Cherry blossom and Autumn leaves are very sought-after times to plan a trip to Japan, but Winter has a few perks that are worth considering. Here is to why I love Japan during the cold months.
From left to right: fresh oysters, snow crab, traditional imagawayaki hot cake, fugu sashimi
Japan is the place to explore new foods. On the street, at midnight, anywhere and anytime.
Winter is the time for the likes of snow crab, oysters, fugu, kan buri (winter Amberjack), and all sorts of citruses to come in season.
Japan loves seasonal specials, so all cakes and treats come in their wintery flavours of sweet potato, purple potato, chestnut, pumpkin etc… so you can rediscover your favourite chocolate or cheesecake in new flavours!
As you may know, vending machines are a common sight from busy streets to hidden mountain trails. In Winter, some drinks are offered warmly to keep you exploring. You may try hot corn soup, hot honey lemon, hot red bean sweet soup as well as coffee and tea, straight from the machine!
Sake also has a warm option, and you are also able to request your favourite plum wine or other liquors cut with hot water in lieu of soda water. Try something new with Amazake: a thick and sweet alcoholic drink made from fermented rice enjoyed over Winter.
From Sukiyaki (beef in strong sweet soy sauce) to Shabu Shabu (pork), from Motsu Nabe (offal) to Chanko nabe (rich nabe enjoyed by sumo wrestlers), ‘nabe’ (hot pot) is the start of the show. Each region has its own version and there is almost no limit to the ingredients. The soup base can be simple dashi broth, thick miso or soy seasoned soup, or even soy milk. They are all delicious and perfect to warm you up.
Oden is another type of stewed dish, consisting of various ingredients such as boiled eggs, daikon, konjac, processed fishcakes and tofu stewed in a light, soy-flavoured dashi broth. This is my favourite midnight snack, and it is available from most convenience stores. You can also find specialised restaurants, for a more refined option.
After a day of sightseeing or skiing, there is nothing better than to laze out in a hot spring in the middle of Winter. After your well-deserved soak, drawl under a kotatsu – a Japanese low table covered in a blanket, with a heater concealed underneath, and enjoy your evening!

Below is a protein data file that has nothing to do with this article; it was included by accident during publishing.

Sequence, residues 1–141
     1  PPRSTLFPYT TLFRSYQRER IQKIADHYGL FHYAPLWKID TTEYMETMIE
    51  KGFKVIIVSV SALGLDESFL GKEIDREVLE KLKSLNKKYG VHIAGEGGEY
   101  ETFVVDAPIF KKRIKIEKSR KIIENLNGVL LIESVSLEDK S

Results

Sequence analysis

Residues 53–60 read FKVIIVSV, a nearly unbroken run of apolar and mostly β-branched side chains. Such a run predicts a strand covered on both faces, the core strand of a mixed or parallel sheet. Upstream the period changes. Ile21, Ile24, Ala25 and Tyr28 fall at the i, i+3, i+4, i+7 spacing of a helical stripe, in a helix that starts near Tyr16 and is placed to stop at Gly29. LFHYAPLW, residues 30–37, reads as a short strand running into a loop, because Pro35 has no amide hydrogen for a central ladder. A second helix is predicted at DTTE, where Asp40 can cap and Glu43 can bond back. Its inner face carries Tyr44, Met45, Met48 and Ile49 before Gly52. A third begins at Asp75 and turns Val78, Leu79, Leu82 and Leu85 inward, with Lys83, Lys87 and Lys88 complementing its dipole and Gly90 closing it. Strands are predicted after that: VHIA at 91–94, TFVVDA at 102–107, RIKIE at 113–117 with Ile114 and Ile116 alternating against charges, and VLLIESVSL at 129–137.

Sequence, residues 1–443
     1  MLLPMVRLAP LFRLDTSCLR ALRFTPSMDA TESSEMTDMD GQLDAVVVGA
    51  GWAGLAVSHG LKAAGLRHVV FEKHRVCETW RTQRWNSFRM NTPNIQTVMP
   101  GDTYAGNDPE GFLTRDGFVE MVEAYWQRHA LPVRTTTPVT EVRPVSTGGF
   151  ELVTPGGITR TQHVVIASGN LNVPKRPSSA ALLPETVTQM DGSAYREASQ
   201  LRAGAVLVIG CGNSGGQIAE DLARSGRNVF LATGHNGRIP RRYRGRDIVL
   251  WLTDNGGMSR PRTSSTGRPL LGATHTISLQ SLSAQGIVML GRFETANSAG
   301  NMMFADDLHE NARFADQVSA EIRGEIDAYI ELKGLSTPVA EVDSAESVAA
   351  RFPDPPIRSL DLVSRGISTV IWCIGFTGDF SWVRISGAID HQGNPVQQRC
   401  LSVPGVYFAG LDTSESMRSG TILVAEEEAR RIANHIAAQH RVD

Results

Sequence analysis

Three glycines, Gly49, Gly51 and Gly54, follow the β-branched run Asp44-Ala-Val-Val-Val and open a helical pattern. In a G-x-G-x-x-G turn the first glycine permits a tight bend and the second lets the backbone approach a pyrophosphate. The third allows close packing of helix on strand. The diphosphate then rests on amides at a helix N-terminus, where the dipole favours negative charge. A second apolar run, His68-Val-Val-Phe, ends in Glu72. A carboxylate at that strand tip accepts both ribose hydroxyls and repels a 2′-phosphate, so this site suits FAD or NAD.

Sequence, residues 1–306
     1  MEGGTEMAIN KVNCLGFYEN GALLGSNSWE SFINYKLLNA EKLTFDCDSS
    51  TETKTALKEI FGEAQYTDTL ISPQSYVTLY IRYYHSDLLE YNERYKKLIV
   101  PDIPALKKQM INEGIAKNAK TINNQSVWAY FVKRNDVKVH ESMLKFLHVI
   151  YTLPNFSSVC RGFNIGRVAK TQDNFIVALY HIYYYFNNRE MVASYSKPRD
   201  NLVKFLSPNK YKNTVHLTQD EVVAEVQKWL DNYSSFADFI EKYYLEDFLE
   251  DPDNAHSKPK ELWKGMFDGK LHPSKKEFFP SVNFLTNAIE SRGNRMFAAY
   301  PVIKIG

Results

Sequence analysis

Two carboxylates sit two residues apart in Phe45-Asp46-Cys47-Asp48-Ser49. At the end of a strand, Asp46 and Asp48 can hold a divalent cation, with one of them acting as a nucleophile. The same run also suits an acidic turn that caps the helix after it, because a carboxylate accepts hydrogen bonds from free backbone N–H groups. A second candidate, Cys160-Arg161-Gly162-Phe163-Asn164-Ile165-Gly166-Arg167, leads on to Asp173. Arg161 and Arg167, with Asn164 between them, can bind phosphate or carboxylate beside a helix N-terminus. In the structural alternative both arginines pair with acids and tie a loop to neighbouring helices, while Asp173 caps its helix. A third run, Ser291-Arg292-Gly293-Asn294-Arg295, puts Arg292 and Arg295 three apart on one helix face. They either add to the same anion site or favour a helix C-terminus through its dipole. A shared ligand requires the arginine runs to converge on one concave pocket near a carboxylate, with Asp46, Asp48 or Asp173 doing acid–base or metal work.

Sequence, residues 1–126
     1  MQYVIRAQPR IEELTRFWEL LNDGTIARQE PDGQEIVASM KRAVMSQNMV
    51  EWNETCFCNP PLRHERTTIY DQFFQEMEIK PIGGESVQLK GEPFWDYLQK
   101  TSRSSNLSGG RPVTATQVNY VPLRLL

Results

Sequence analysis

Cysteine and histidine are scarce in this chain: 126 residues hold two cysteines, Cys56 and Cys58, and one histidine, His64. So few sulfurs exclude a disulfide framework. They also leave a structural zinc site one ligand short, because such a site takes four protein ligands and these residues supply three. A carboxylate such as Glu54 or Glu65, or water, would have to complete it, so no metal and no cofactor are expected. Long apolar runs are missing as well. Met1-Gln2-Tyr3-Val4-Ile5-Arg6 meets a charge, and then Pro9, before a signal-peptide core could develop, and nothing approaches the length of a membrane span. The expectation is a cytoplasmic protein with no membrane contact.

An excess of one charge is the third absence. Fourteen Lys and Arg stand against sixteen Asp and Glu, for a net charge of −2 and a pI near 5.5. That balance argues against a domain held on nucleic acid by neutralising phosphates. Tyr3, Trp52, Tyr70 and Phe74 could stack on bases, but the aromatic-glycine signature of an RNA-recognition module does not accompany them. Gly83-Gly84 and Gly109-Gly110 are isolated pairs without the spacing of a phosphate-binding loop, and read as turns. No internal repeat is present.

Inspired by Christmas lights traditions of the West, Japan has taken Winter illuminations to a whole new level, and many events are held to showcase breathtaking wonderland displays.
Japanese New Year takes place on the same day as the Western calendar. Families gather for this occasion, and often shops or businesses are closed through the first week of January. On the evening of December 31st, traditional dishes are prepared in tiered lacquer boxes. This is called Osechi ryôri.
All ingredients and dishes have a meaning and are meant to bring luck, health and prosperity to the family in the new year. At midnight or on the first day of the year, crowds gather at their local shrine or temple for the first visit of the year: Hatsumode. The new year is a quieter family time, but more international areas of the main cities will also host parties, so you can pick your vibe.
Tokyo Sumo tournament takes place in January every year, so this is a perfect occasion to experience a match first hand!
Mt Fuji is a bit of a diva, but the very dry climate of Japan during Winter makes it a perfect time to catch a clear view of the majestic volcano.
Japan offers a lot to do and see during the cold months, on top of having some of the best powder snow. If you still want to enjoy some flowers, early Cherry blossom in Okinawa start as early as January, and plum blossoms peak in February!
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Cherry blossom and Autumn leaves are very sought-after times to plan a trip to Japan, but Winter has a few perks that are worth considering. Here is to why
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